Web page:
These authors explicitly considered the directional signature, but they did not publish any experimental findings. This pioneering work used optical readout of light produced in a parallel plate avalanche counter PPAC located at the readout plane of a low-pressure TPC. The CS 2 gas fill allowed diffusion suppression by running with very high drift fields despite the low pressure. The detectors were calibrated with alpha particles, 55 Fe x-rays and Cf neutrons. Neutron exposures gave energy spectra in agreement with simulations when the energy per ion pair W was adjusted in accordance with the discussion of ionization yields given above.

The absence of nonzero spin nuclides in the CS 2 will require a very large increase in target mass or a change of gas fill in order to detect WIMPs with this device. It was shown above that the event rate and therefore the sensitivity of an optimized tracking detector improves linearly as the track length threshold gets smaller. In recent years, there has been widespread development of gas detectors achieving very high spatial resolution by using micropatterned gain elements in place of wires. The gas CF 4 also figures prominently in recent micropattern DM search proposals.

The ultraviolet part of the spectrum may also be seen by making use of a wavelength shifter. Finally, CF 4 is non-flammable and non-toxic, and, therefore, safe to operate underground. This group has recently published the first limit on DM interactions derived from the absence of a directional modulation during a 0.

Operation at higher-than-optimal gas pressure was chosen to enhance the HV stability of the gain structure. One array is connected to the central anode dots of the micro-well gain structure, and the other array to the surrounding cathodes. The strip amplifiers and position decoding electronics are on-board with the gain structures themselves, using an eight layer PCB structure. The detector was calibrated with a Cf neutron source. The advantages claimed for 3 He as a DM search target include nonzero nuclear spin, low mass and hence sensitivity to low WIMP masses, and a very low Compton cross section, which suppresses backgrounds from gamma rays.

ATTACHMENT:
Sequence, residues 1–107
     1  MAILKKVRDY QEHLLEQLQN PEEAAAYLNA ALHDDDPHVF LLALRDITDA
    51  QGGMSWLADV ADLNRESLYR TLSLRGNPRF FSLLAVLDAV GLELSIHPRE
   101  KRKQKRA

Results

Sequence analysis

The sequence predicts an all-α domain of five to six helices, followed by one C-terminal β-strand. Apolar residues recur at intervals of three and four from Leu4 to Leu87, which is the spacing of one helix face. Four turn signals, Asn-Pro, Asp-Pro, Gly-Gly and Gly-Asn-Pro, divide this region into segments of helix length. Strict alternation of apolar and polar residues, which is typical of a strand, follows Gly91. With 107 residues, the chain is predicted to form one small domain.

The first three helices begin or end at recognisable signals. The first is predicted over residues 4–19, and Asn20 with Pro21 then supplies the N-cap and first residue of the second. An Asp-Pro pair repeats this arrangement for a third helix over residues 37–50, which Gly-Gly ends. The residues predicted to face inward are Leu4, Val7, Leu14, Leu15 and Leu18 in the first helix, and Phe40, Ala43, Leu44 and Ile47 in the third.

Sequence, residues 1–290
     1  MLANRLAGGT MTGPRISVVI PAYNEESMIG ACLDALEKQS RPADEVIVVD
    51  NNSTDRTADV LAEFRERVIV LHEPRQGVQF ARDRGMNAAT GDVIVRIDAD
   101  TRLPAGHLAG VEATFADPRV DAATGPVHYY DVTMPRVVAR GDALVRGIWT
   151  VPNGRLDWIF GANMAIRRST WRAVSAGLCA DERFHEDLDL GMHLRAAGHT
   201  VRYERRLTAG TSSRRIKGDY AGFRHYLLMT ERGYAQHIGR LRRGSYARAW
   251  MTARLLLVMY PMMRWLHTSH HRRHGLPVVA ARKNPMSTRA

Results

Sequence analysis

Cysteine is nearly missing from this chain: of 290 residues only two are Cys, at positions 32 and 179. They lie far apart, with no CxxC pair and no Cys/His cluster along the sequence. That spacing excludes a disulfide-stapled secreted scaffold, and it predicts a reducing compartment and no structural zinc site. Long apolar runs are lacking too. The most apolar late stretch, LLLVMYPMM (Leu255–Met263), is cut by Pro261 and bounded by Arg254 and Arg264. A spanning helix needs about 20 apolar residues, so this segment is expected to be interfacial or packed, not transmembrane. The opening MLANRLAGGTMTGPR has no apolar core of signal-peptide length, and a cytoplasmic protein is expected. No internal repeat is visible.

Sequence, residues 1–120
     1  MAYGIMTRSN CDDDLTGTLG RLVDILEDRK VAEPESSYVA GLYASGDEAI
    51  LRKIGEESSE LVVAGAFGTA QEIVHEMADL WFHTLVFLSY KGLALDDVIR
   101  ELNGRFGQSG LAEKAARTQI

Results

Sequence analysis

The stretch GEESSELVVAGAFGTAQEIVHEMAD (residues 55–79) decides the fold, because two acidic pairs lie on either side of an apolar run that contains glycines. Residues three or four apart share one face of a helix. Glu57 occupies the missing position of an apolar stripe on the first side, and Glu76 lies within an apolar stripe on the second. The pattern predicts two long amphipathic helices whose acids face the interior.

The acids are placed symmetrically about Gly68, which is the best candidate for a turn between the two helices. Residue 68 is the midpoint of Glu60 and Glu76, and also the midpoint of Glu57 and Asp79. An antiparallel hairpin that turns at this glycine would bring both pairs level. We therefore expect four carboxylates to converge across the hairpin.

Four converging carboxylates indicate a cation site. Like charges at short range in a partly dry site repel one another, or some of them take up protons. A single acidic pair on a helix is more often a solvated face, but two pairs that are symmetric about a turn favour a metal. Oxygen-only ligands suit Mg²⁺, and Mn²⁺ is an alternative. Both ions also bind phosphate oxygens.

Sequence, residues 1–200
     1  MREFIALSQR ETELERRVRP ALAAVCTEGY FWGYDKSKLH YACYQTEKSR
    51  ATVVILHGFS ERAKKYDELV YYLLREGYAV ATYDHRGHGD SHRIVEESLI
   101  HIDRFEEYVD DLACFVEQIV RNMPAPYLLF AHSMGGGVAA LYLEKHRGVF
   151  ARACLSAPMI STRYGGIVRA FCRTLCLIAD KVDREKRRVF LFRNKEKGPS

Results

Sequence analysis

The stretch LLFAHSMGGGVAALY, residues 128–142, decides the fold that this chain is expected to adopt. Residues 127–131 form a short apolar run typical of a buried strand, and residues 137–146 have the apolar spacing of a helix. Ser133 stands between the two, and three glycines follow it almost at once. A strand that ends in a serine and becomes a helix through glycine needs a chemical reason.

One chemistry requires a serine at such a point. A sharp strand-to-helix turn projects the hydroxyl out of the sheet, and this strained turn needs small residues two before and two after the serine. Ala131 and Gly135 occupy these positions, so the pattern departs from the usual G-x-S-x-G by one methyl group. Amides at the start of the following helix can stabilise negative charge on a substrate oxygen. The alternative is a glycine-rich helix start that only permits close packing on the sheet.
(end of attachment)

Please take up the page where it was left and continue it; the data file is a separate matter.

The characteristic n , p capture interaction with slow neutrons gives a strong signature for the presence of slow neutrons. The detector is read out by an array of CCD cameras and photomultipliers PMTs mounted outside the vessel to reduce the amount of radioactive material in the active volume. The CCD cameras image the visible and near infrared photons that are produced by the avalanche process in the amplification region, providing a projection of the 3D nuclear recoil on the 2D amplification plane.

The 3D track length and direction of the recoiling nucleus is reconstructed by combining the measurement of the projection along the amplification plane from pattern recognition in the CCD with the projection along the direction of drift, determined from the waveform of the signal from the PMTs.

The correlation between the energy of the recoil, proportional to the number of photons collected in the CCD, and the length of the recoil track provides an excellent rejection of all electromagnetic backgrounds. In a second design the copper plate was replaced with two additional woven meshes.

This design has the advantage of creating a transparent amplification region, which allows a substantial cost reduction since a single CCD camera can image tracks originating in two drift regions located on either side of a single amplification region. Gas gain is obtained using the mesh-plate design described above. The detector is read out by two CCD cameras, each imaging one drift region. This apparatus is currently being operated above ground with the goal of characterizing the detector response and understanding its backgrounds.

A second liter module is being constructed for underground operations at the waste isolation pilot plant WIPP in New Mexico. The performance of the DMTPC detector in determining the sense and direction of nuclear recoils has been evaluated by studying the recoil of fluorine nuclei in interaction with low-energy neutrons.